TAMPA, Fla. — John Deere has picked SpaceX to provide connectivity its farming machines need to operate autonomously in rural areas via a new, ruggedized user terminal.

The terminal would be about the size of a pizza box and based on the high-performance flat dish SpaceX started offering for its Starlink satellite broadband network in 2022, Michael Kool, a senior product manager at John Deere, told SpaceNews.

Kool declined to discuss broadband speeds but said the terminal would enable compatible tractors outside cellular coverage to operate at the same level of autonomy as the company’s machines in areas well served by terrestrial networks.

Self-driving John Deere tractors can operate autonomously within a controlled area like a field. However, real-time connectivity is needed so a farmer who could be doing other jobs miles away can start and stop the machine with an app, monitor work, and determine how to proceed if the tractor encounters an issue.

John Deere also sells a 4G modem that can be retrofitted to enable connected machines to share information with the company’s operations center for remote diagnostics, farming analysis, and other applications relying on connectivity. 

The SpaceX partnership came after John Deere requested proposals from the space industry in September 2022 for ways to extend its connectivity-enabled services to rural areas.

Kool declined to comment on the other satellite networks John Deere considered, adding the company “is only working with SpaceX at this time.”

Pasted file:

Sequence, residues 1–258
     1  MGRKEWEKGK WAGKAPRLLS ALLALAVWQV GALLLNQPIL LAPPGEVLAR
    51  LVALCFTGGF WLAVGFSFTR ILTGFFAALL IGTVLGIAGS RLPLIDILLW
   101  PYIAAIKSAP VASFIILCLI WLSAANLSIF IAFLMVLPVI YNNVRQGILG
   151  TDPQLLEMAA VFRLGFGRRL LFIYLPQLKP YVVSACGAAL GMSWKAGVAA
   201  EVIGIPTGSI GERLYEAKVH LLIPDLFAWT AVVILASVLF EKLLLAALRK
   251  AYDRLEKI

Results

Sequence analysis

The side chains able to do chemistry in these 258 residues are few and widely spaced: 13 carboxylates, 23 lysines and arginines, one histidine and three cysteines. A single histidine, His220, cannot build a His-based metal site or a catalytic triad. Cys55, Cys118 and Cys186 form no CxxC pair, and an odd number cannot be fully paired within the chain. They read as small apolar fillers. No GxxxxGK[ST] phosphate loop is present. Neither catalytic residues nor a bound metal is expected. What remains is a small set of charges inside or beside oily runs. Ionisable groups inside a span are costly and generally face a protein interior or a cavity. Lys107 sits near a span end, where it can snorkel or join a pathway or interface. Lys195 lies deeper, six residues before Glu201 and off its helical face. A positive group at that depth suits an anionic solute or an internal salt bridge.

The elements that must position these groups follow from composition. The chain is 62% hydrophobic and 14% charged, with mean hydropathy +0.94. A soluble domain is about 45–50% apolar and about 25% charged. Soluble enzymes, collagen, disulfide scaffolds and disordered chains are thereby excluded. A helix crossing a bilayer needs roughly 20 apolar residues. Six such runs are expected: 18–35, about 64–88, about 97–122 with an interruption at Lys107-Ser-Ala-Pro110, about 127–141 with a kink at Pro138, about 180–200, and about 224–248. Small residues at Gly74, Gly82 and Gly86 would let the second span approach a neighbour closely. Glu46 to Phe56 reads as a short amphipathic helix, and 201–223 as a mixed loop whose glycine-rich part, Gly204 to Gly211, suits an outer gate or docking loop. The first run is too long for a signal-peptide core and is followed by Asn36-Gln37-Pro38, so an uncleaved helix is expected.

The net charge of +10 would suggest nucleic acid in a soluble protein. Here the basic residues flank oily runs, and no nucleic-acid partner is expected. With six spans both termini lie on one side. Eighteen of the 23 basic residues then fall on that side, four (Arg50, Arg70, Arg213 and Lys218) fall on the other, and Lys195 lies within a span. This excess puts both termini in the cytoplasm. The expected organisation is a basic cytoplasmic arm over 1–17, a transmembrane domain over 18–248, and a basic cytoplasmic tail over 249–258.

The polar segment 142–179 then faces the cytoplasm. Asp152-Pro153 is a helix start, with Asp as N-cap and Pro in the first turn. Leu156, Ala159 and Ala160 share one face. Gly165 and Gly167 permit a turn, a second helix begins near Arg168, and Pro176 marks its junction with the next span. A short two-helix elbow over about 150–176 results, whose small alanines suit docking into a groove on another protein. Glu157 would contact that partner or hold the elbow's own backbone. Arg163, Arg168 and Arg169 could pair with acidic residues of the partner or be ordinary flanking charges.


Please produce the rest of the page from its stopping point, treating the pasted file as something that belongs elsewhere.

He said the companies still need to conduct tests to ensure the new ruggedized Starlink terminal can work well in the harshest environments.

The Starlink-enabled farming connectivity service is set to launch in the second half of 2024 in the United States and Brazil, John Deere announced in a Jan. 16 news release.

Customers would need to install the Starlink terminal and John Deere’s JDLink 4G modem to connect a tractor to the satellite-enabled service.

While pricing details were not announced, high-performance Starlink hardware geared for enterprise users costs $2,500 in the United States. A Starlink subscription plan for mobile internet starts at $250 a month for download speeds ranging from 40 megabits-per-second to around 220 Mbps.

Jason Rainbow writes about satellite telecom, space finance and commercial markets for SpaceNews. He has spent more than a decade covering the global space industry as a business journalist. Previously, he was Group Editor-in-Chief for Finance Information...